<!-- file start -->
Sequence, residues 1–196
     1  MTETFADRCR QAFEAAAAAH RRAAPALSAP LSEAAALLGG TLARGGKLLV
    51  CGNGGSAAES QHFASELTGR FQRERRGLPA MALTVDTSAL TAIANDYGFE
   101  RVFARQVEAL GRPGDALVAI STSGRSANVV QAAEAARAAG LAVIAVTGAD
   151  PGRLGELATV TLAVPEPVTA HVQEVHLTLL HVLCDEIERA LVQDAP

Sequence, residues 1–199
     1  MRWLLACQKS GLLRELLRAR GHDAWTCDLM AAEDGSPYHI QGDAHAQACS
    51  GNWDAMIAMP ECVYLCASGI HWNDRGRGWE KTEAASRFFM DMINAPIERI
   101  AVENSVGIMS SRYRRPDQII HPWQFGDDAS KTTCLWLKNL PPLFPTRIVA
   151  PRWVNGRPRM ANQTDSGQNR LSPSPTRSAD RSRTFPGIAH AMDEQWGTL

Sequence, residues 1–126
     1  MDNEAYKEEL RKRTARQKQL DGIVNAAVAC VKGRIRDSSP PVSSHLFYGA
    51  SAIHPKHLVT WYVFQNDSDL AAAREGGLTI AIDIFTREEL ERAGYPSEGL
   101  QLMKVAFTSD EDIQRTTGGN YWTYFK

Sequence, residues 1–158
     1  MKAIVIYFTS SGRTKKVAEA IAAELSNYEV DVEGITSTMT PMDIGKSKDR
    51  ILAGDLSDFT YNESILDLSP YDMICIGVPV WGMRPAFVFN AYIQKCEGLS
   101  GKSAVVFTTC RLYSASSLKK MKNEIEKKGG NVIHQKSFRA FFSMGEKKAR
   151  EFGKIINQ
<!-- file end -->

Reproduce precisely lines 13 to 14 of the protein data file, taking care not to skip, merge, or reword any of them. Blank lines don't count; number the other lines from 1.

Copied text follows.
    51  SAIHPKHLVT WYVFQNDSDL AAAREGGLTI AIDIFTREEL ERAGYPSEGL
   101  QLMKVAFTSD EDIQRTTGGN YWTYFK